Norfolk's First Crowd Trouble?|
Back in the spring of 1893, Lynn Juniors were in the final of the Norfolk Junior Cup against Norwich YMCA, their first appearance in that stage of the competition.
It is often said that the referee’s decision is final and that there is no point protesting but in the 19th Century things were not always that straightforward and protests before and after the match were not uncommon. The choice of venue, referee, and the rules regarding team selection and eligibility were often challenged.
The 1893 Norfolk Junior Cup final is a good example. On their way to the final Norwich YMCA had a few problems with fielding their strongest team as the rules gave preference to the County team. This had resulted in a few protests and matches being replayed. When it came to the final it was Lynn who protested. The rules of the competition stated that the final had to be played in Norwich and it was proposed that it should be staged at the Lakenham ground. Lynn Juniors protested as their opponents sometimes played there and it was felt that this might be an unfair advantage to the Norwich side. So it was agreed to stage the final at Earlham Road, Norwich – the home of Norwich CEYMS (Church of England Young Men’s Society). The following excerpts from the Eastern Daily Press tell the story of what followed beginning with the result of the final and what seems like a referee who did spot everything.
Norwich YMCA 3 Lynn Juniors 1
“There does not appear to be any doubt that prior to Snelling opening the YMCA account the ball had gone into touch near to the corner flag. The linesman and spectators standing in a favourable position state that it was not just a question of inches but feet . . . and again in two cases their [YMCA] own men accidentally handled the leather when goals must have been scored . . .
It is, however, understood that before leaving the losers lodged a protest against the first goal, on the grounds previously mentioned, though there is still doubt as to whether it is their intention to pursue the case. The majority are of the opinion their protest will be withdrawn.”
They were wrong as a few days later came:
“There is to be a meeting of the Committee of the NCFA on Saturday evening at 5.30 when amongst other business the Lynn Juniors protest will demand the attention of those present. The Juniors are supposed to have a very strong case, their objections, first the referee not being chosen in accordance with Rule 17, and secondly against the validity of the first goal scored by their opponents, the ball having previously been ruled out of play by the YM linesman, being supported by a large number of persons not in any way connected with either team. A curious point is that the Cup is now being exhibited in a shop window in the city, labelled as being the property of the YMCA for the ensuing twelve months.”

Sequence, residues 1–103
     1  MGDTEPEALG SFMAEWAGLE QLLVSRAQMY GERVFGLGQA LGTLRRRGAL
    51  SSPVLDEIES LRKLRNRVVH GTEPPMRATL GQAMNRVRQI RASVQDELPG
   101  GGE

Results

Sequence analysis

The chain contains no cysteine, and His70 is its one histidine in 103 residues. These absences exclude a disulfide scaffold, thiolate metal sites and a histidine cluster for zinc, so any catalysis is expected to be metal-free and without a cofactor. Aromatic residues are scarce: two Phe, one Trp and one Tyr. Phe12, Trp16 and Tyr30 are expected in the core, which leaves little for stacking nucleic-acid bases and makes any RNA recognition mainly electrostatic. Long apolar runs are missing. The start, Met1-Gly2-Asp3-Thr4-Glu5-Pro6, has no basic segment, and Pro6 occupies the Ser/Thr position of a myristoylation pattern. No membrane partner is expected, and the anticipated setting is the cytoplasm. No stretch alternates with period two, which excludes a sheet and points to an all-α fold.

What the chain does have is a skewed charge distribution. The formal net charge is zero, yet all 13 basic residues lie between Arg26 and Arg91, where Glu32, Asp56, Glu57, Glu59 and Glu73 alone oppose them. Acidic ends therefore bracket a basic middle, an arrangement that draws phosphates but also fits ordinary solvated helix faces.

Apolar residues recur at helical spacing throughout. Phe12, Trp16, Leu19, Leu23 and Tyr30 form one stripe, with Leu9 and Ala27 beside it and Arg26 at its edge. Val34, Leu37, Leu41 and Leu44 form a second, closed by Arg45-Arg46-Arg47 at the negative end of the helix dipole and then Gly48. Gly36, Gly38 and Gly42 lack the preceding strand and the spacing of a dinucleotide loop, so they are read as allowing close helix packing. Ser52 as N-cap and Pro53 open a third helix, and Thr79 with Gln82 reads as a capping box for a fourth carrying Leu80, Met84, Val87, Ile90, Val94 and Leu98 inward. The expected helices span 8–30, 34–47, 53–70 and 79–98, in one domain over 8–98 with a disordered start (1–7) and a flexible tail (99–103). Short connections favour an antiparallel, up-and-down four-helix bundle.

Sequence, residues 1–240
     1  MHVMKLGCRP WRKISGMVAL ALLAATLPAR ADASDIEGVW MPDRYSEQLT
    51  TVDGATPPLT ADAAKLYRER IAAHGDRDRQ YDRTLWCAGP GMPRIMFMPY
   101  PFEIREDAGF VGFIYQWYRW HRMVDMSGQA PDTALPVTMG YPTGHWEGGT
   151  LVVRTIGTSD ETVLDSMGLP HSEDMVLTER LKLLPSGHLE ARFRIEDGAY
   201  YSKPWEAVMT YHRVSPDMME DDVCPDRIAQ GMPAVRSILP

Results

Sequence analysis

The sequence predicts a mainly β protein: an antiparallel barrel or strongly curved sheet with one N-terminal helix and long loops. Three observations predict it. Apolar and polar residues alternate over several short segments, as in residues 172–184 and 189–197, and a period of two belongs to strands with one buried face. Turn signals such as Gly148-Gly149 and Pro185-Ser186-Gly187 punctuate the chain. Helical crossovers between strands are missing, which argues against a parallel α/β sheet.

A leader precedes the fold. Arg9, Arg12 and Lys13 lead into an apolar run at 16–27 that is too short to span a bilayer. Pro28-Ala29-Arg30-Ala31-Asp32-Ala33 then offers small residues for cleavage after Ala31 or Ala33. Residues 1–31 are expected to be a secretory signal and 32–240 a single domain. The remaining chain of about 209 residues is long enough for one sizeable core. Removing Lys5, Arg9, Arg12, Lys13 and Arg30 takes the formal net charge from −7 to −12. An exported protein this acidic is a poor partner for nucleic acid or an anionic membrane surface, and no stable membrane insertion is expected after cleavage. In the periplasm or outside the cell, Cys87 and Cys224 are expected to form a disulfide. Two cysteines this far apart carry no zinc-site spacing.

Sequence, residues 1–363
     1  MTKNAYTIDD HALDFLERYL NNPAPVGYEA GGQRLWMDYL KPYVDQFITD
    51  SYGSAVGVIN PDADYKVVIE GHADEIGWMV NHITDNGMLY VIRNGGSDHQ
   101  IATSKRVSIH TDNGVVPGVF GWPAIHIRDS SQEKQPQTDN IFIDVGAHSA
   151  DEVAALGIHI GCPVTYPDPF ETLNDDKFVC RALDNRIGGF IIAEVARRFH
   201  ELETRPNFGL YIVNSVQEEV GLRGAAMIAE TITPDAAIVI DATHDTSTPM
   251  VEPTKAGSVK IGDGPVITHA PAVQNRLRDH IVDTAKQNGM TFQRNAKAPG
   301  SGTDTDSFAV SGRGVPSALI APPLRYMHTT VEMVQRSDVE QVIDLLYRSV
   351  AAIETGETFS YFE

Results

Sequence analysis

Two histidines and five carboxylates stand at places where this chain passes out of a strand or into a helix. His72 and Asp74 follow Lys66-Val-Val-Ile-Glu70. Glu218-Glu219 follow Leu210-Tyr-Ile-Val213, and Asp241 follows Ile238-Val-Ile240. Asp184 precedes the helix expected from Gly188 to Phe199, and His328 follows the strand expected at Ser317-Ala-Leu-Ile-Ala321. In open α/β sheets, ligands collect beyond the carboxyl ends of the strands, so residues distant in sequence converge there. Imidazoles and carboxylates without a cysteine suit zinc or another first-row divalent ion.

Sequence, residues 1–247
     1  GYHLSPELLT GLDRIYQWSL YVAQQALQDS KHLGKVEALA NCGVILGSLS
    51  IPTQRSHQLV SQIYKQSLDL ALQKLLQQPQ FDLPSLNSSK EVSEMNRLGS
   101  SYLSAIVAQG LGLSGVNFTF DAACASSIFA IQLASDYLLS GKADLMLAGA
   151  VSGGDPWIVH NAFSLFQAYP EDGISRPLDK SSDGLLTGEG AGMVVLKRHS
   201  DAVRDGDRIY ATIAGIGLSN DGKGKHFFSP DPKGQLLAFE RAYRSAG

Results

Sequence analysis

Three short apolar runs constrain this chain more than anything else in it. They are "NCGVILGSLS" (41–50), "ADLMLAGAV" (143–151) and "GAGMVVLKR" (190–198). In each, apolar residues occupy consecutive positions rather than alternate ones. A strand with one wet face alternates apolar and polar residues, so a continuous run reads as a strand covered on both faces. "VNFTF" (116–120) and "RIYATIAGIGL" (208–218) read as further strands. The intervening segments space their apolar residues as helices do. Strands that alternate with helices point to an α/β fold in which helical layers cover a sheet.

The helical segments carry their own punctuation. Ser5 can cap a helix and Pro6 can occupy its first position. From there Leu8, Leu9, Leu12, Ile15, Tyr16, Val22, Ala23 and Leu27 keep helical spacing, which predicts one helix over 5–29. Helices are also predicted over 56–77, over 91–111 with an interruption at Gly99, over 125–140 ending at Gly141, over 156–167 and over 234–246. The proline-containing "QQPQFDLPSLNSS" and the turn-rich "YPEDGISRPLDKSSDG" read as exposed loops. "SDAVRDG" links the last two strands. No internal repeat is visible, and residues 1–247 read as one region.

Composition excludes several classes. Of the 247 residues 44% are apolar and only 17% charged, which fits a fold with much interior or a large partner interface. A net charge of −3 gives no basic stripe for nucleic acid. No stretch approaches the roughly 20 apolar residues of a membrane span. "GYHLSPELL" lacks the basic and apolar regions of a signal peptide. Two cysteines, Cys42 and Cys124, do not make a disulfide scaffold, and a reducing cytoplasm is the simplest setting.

The Norfolk County FA ruled that the match should be replayed, once again at Earlham Road, but with Lynn leading 3-1 there was a pitch invasion:
There were “Fourteen minutes remaining to play, when a large section of the crowd, no longer able to conceal the disappointment, rushed helter-skelter over the lines, successfully putting an end to the game. The exhibition of cowardly rowdyism that followed this outbreak had never previously been witnessed in Norfolk, and the like has seldom, if ever, been equalled by a Northern or Midland crowd, and they are not over gentle out that way.”
Some accused the supporters of Norwich CEYMS as being responsible for the trouble – nursing old scores from the Lynn first team’s Norfolk Senior Cup victory over the Churchmen a month earlier and in particular a provocative “In Memoriam” notice that appeared in the Lynn press. This was denied by CEYMS who issued a reward for information:
“£5 reward – This reward will be paid to any person giving authentic information that may lead to identifying the person or persons who maliciously cut the enclosure rope at Earlham Road”